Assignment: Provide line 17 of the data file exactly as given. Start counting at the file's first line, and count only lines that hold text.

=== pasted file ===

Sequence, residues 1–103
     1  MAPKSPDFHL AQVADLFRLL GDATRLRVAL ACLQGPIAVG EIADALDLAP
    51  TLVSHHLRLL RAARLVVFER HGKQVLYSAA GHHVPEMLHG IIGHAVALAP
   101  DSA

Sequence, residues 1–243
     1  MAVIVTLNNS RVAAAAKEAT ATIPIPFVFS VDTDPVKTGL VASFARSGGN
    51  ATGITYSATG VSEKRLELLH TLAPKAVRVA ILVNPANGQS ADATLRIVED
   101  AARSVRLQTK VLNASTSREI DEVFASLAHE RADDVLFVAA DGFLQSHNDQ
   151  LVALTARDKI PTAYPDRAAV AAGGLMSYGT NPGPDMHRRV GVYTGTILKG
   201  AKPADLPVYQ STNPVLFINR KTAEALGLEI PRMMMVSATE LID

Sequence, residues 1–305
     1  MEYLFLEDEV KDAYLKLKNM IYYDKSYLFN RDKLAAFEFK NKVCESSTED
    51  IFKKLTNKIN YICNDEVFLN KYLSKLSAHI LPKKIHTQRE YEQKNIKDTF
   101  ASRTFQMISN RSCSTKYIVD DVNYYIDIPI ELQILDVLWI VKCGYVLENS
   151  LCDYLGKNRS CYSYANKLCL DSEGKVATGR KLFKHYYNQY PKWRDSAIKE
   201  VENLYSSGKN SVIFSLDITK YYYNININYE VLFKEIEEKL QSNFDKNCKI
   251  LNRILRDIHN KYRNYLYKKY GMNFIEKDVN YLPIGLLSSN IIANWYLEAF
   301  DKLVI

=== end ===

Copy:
   251  LNRILRDIHN KYRNYLYKKY GMNFIEKDVN YLPIGLLSSN IIANWYLEAF